EL SEGUNDO — As Lakers general manager Rob Pelinka outlined the “pursuit of excellence,” Lakers reserve Larry Nance Jr. spent his exit meeting coming up with a litany of items he wants to check off his bucket list.
That includes addressing an issue the Lakers have strongly lacked in recent seasons with either Mike D’Antoni (2012-14), Byron Scott (2014-16) or Luke Walton (present) patrolling the sideline.
“Whether it’s next year or the year after or the year after that, I want to be a guy that is in the defensive player of the year discussions,” Nance said. “I think I have the ability.”
The Lakers recently have not had the ability to excel defensively. Last season, the Lakers ranked 28th out of 30 NBA teams in points allowed (111.5), 30th in defensive field-goal percentage (48.3) and 30th in fast-break points allowed (16.2). According to NBA.com, Nance ranks 160th out of 482 players in defensive efficiency while allowing opponents to shoot 46.6 percent from the field.
Still, Nance said the Lakers’ front office considered his off-ball defense “an area of strength.” To improve his on-ball defense, Nance plans to do a few things. He will study tape of Golden State’s Draymond Green and San Antonio’s Kawhi Leonard. Nance will also train this offseason with his father, Larry Nance, who had a 13-year NBA career with the Phoenix Suns (1981-88) and Cleveland Cavaliers (1988-1994).
“I kind of got the sense that if you’re not all in, this might not be the place for you,” Nance said of his exit meeting last week with the Lakers’ front office. “I’m super excited. I know I can’t wait to work.”
That work has already started. Nance planned to spend the first two weeks of the offseason in his hometown of Akron, OH both to be with family and to train with his father. Nance is not expected to play on the Lakers’ summer league team, which is something NBA players entering their third season rarely do. But he will spend plenty of time at the Lakers’ practice facility sharpening his craft.
Despite the Lakers’ poorly ranked defense, Lakers coach Luke Walton often praised Nance’s defensive hustle, communication and willingness to call out teammates for any mistakes. The Lakers also saw defensive improvement as they won five out of their last seven games while Nance started at center amid Ivica Zubac’s season-ending injury to his right ankle.
“I just tried to be back there quarterbacking everything,” Nance said. “I was trying to call everything out and help with different switches and help defense. I tried to be all over the place. Obviously it wasn’t just me. Everybody kind of bought into it and got into the mindset that if they score on you, they score on us. If they score on me, it’s on all five of us.”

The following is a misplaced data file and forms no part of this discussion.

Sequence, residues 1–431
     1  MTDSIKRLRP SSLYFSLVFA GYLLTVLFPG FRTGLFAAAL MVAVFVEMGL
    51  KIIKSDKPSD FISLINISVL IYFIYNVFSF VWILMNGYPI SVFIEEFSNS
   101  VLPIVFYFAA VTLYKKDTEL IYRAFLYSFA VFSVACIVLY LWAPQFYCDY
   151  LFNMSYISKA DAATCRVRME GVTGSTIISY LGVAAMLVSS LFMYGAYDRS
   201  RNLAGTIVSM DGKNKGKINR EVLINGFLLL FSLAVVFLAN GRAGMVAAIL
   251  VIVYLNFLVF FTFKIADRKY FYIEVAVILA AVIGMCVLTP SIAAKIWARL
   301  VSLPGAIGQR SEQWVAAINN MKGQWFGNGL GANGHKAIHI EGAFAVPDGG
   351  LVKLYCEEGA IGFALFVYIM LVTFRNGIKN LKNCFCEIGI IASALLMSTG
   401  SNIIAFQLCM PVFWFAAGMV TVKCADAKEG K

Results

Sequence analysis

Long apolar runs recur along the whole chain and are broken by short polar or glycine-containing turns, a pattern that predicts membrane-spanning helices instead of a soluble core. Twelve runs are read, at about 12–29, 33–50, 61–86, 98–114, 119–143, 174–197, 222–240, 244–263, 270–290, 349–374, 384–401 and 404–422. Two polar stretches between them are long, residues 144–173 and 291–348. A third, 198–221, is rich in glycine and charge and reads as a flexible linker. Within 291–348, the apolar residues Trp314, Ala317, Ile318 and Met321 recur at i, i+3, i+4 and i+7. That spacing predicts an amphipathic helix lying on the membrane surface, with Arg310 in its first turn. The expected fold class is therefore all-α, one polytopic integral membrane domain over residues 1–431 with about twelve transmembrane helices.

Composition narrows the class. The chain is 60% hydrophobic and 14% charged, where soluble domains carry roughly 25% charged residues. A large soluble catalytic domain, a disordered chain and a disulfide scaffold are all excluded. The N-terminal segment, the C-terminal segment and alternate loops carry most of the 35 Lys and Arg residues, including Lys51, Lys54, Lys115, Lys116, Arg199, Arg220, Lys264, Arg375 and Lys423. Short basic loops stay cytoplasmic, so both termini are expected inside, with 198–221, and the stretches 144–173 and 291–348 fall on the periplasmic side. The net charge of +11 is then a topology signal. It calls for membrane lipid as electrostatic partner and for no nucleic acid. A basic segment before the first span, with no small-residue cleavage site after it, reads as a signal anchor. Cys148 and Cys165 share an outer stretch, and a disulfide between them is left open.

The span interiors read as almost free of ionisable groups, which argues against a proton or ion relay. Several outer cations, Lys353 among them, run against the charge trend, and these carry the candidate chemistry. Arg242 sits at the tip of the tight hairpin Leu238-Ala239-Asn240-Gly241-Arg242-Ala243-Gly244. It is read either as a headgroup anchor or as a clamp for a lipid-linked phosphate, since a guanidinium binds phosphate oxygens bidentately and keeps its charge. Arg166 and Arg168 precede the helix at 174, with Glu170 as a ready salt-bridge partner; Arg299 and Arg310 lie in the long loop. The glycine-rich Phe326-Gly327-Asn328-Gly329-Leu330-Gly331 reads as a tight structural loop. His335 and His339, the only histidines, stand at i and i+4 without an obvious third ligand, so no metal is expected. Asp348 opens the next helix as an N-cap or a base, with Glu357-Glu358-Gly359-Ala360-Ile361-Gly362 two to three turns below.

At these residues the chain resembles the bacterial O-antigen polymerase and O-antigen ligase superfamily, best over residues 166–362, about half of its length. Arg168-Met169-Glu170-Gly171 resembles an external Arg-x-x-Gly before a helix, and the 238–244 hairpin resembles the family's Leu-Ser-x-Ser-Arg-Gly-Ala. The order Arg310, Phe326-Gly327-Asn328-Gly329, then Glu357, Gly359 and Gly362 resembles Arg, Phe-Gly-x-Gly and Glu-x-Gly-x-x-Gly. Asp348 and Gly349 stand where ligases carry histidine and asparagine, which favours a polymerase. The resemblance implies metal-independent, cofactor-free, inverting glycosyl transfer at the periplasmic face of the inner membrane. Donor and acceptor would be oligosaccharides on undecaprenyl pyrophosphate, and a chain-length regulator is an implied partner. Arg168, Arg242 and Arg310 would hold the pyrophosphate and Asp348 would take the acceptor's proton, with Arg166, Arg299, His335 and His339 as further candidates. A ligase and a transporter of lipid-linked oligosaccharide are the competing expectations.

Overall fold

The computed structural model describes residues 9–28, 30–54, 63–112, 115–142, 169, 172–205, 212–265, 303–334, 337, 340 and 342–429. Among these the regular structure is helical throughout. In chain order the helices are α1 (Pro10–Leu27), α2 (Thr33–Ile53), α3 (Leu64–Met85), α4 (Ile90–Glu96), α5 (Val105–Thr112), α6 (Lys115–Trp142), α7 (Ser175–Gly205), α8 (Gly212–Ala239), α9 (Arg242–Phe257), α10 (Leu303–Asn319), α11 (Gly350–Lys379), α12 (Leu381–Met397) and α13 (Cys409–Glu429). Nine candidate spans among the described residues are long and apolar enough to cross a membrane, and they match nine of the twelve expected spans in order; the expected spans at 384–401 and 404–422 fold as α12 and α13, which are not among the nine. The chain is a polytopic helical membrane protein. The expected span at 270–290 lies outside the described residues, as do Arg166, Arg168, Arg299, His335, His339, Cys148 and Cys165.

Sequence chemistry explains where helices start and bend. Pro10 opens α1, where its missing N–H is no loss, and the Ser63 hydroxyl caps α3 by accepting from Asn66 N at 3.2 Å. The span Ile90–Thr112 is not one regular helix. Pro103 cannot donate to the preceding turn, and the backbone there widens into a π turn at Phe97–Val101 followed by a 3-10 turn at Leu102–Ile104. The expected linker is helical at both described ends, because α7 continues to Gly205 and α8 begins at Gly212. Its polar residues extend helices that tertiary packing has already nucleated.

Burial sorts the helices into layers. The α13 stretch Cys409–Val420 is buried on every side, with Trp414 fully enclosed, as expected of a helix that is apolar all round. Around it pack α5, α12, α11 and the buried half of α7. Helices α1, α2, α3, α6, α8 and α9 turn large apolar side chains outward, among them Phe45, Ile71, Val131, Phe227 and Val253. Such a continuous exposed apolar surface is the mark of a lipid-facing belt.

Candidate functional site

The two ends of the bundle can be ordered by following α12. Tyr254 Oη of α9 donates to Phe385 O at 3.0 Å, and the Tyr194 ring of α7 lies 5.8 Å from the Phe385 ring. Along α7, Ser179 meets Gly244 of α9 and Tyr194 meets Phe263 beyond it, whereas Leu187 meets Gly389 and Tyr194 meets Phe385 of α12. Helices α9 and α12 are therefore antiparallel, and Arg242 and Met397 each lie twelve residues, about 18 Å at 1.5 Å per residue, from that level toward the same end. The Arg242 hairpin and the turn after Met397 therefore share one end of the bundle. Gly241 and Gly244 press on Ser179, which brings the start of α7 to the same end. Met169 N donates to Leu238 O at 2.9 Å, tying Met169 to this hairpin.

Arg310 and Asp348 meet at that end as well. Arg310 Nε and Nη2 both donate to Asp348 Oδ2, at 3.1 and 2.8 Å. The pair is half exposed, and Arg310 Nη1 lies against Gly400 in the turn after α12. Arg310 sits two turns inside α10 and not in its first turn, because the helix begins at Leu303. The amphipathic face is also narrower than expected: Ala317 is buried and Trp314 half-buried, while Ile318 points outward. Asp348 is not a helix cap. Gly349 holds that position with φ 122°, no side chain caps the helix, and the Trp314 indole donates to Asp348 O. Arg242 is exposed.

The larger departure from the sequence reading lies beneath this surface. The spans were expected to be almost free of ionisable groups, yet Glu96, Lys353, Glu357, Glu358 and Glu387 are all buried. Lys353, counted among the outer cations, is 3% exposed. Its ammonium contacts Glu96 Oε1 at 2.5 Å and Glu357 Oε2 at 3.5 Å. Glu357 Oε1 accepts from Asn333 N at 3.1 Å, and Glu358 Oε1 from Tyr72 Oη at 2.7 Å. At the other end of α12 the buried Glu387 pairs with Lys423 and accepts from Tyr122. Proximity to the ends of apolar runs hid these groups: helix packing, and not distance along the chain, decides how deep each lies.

Nance has other items on his bucket list.
After missing 16 games because of a bone bruise in his left knee, Nance said he is “not worried about any of that whatsoever.” But Nance said he will follow an offseason program that will help strengthen his core, quad and hamstrings for injury prevention purposes.
“With the way that I jump, there’s a lot of force being put on joints and stuff like that,” Nance said. “The better I can protect them, the better I can be.”
The better Nance will also be if he continues to expand his game to complement his penchant for hustle plays and dunking. He sounded optimistic that will happen, citing the growth Clippers forward Blake Griffin has taken in morphing from a dunker to more of a complete player. The Lakers talked with Nance about takinge advantage of smaller defenders that switch on him. So Nance plans to consult with his dad on developing a go-to move where “80 percent of the time it will go in.”
Nance also believes he can become a more dependable outside shooter. Though he only shot 27.8 percent from 3-point range in the 2016-17 campaign, Nance still showed improvement after making only 10 percent of his 3-point attempts during his rookie season.
“I’m glad they told us to let them fly,” Nance said. “We were shooting them until we were blue in the face in practice. Just getting reps, reps, reps. But you can shoot them all you want in practice. It’s not like a game shot. Getting the opportunity to shoot some and being confident about it has done quite a bit for me.”
It remains to be seen when and how Nance looks as a finished product. That leaves Nance with a busy summer, including working toward reaching his goal in becoming an elite defensive player.
“I grew a lot in a lot of different aspects,” Nance said. “But at the same time, there’s still worlds of room for improvement.”